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Class Review: Metabolic Conditioning at Reformation Fitness

Class Review: Metabolic Conditioning at Reformation Fitness

Monday, March 10, 2014 - 6:01am

SteelBell workout at Reformation Fitness. Photo from the Reformation Fitness Facebook page.

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Last week, I dropped in to Reformation Fitness to take a class they refer to as ‘MetCon.’ If you aren’t familiar with Metabolic Conditioning, here is a good definition. The short version? MetCon = the higher the intensity, the more fat you burn before and after your workout, and the fitter and stronger you become. This is why burpees, while loathsome, work so well.

As a group fitness instructor, I’ve learned that fitting a good routine into a 40-minute class can be hard--after all, I used to teach a 30-minute class based on the theory of metabolic conditioning. After subtracting time for a warm-up and cool-down, you’re left with even less time to effectively kick your patrons’ butts. It can be tempting to just throw high intensity exercise after high intensity exercise at your class repeatedly for 30 minutes in order to get them sweating, red-faced, breathing hard, and working their muscles to the maximum potential. “20 BURPEES-GO! 40 PUSH-UPS-GO! 20 SQUAT JUMPS-GO! DO PUSH UPS UNTIL YOU CAN’T MOVE-GO!”

Ivan’s Metabolic Conditioning class at Reformation Fitness was nothing of the sort, which is a very good thing.

Read our Featured Trainer interview with Ivan.

The class started off with a classic warm-up--jumping jacks, inch worm, knee push-ups--all exercises that were straightforward, got my heart pumping, and gave me a full body warm-up.

We then moved into 4 short circuits, each having 3 exercises. Ivan did a great job of mixing it up, ensuring that each circuit included a movement that targeted different areas of the body. Exercises ranged from Steel Bell swings (the same as Kettle Bell swings except replacing the Kettle Bell with a Steel Bell) to a lateral Bear Crawl to new exercises I had never heard of before but will add into my own workouts.

Two new exercises I learned:

  • The Lateral Monkey: In this exercise, we started with our hands on the Steel Bell, which was placed on the ground, hopped our legs to the left and then touched our hands out in front of our legs. You then return to the central starting position and repeat on the right side. This, as with all the other exercises, continued for 30 seconds.

  • The Plow Push: Once again, we started with our hands on the Steel Bell, arms extended and our body in plank position. Without bending our elbows, we had to push down and jump our hands out to the side.

When speaking to Ivan about this exercise after class, he told me that the great thing about the plow push is that, in addition to kicking your butt, it has a functional purpose as well. When people do push ups or hold a plank, they typically let their stomach drop, their shoulders hunch, and they fail to keep a flat back with broad shoulders. This is because they tend to rely on their arms only in order to execute the push-ups or complete the plank. With the plow push, however, you need to actively engage every muscle in your core, chest, and upper back in order to be able to move your arms outward without bending your elbows and engaging your biceps and triceps.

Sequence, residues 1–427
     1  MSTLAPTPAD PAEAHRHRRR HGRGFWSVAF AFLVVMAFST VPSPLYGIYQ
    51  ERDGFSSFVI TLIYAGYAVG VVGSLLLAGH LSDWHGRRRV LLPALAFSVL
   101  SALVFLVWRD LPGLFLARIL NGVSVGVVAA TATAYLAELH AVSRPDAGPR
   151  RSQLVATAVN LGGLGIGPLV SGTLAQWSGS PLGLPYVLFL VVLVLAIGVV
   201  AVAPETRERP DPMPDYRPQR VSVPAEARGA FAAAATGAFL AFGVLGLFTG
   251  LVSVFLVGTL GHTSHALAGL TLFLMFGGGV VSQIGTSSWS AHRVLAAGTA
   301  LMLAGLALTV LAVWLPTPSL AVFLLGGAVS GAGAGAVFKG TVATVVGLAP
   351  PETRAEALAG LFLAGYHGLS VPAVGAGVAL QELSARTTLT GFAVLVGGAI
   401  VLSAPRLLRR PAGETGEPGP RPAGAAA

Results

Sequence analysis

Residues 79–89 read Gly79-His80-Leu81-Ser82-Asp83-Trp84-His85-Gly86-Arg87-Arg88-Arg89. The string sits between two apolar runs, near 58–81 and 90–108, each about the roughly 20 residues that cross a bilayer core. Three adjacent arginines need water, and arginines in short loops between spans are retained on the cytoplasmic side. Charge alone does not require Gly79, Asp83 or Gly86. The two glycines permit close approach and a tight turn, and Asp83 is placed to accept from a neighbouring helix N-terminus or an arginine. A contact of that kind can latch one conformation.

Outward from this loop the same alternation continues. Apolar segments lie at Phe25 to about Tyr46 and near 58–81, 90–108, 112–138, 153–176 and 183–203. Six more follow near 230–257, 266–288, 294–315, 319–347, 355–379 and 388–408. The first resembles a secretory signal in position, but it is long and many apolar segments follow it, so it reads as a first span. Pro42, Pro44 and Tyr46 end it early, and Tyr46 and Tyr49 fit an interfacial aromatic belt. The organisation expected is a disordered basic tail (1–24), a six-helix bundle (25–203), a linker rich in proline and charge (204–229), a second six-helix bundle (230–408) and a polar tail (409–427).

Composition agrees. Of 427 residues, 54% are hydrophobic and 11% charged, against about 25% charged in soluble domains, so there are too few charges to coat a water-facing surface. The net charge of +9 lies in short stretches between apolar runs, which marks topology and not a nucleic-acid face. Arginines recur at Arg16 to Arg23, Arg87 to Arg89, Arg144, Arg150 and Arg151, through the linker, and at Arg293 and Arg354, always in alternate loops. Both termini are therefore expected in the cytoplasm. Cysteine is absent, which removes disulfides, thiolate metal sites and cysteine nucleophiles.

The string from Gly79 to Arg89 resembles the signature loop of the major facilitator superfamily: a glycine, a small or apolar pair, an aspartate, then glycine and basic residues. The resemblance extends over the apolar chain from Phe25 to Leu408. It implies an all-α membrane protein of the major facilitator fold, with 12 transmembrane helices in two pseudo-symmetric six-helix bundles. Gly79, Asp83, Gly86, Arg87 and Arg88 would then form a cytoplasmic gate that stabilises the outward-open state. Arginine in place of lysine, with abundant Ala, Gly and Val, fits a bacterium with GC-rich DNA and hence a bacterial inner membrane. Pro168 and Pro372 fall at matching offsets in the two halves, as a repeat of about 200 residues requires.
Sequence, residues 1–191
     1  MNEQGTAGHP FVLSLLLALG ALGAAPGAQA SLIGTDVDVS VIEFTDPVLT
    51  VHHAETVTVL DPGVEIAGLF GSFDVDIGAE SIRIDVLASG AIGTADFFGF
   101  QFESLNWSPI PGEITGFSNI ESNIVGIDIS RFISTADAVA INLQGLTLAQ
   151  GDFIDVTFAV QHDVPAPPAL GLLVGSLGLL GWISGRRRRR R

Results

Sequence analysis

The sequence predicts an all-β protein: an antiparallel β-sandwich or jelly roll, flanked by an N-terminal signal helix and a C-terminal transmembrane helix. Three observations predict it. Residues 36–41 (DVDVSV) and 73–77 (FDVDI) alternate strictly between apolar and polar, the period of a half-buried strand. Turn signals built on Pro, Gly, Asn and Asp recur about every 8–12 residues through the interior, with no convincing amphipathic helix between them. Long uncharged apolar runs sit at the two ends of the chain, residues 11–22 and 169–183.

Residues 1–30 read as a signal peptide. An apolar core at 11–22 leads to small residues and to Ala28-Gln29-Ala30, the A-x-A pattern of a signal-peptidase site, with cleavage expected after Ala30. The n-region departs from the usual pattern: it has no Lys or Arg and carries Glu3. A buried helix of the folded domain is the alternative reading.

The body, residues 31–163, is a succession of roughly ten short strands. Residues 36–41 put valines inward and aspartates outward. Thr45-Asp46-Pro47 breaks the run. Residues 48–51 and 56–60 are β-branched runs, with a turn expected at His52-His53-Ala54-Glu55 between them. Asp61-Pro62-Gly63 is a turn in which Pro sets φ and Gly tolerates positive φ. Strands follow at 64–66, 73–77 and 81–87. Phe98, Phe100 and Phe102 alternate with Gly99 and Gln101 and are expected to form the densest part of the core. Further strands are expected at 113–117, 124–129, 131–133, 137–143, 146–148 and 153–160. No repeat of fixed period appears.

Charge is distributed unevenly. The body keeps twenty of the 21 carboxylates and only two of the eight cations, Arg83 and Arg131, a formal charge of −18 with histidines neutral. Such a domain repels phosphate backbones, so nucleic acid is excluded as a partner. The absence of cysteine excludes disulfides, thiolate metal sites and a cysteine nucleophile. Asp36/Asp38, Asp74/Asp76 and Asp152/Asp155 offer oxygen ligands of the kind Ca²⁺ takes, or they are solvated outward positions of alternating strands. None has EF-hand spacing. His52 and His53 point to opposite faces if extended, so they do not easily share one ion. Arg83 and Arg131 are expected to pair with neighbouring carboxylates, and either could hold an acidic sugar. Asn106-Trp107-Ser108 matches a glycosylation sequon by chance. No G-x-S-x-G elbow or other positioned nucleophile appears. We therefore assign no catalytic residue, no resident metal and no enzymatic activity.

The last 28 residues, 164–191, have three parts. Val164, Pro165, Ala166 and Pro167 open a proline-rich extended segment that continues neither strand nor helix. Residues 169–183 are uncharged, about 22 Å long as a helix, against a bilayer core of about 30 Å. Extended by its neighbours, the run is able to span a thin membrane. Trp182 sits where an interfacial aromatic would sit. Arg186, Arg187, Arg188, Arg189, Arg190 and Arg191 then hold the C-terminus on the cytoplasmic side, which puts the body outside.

After we completed two rounds of the first four circuits, we took a quick water break and then completed two more circuits with four exercises each. Following these circuits, our final task of the night was one big circuit. The steel bells were set down in a line in the middle of the room and we split our group in half--each group starting on opposite sides of the room. At Ivan’s cue, we crab-walked to the steel bells, tapped one with our foot, crab-walked back, and completed 5 push ups. At this point in the night, my arms were jelly, and each push up felt like I was trying to push a Hummer up a San Francisco hill. We crab-walked once more, and then half the class did ‘low jacks’ (jumping jacks while in a squat position) while the other half of the class did pull-ups on the TRX pull-up bars. We switched places, repeated again, and then promptly collapsed onto the floor to catch our breath and stretch it out.

My favorite aspects of the class:

Reformation’s motto is Small Classes, Better Results, and I truly enjoyed the small group training aspect. This atmosphere allowed for Ivan to interact directly with each of the 7 people in class, from individual encouragement such as “Come on, Abby*, don’t stop now--you just killed those goblet squats, I can tell you’re strong enough” to giving me assistance when I was struggling to pull my chin up and over the TRX pull-up bar. 

This class uses minimum equipment, and the equipment we did use was unique and applicable to many different exercises. The two pieces of equipment used in this class were the SteelBell  and the TRX pull up bar. While both of these pieces of equipment are unique and were new to me, the exercises we did with them could very easily be done without the equipment or with another piece of equipment, such as a kettle bell, dumbbell, or sandbag. This is a plus, as many of us do not have a plethora of exercise equipment at our daily disposal.

Thank you, Reformation Fitness and Ivan, for reminding me what Metabolic Conditioning and high intensity workouts are all about. I will return to conquer my nemesis--the TRX pull-up bar.

About the Author

Abby Wolfe has a MPH degree with a focus on Physical Activity in Public Health from George Washington University. She is currently working as a Reporting and Evaluation Manager at LiveHealthier in Bethesda, MD, as well as an Editorial Intern for The Daily Muse. You can follow her adventures through DC on Twitter (@shmabbywolfe) or Instagram (shmab).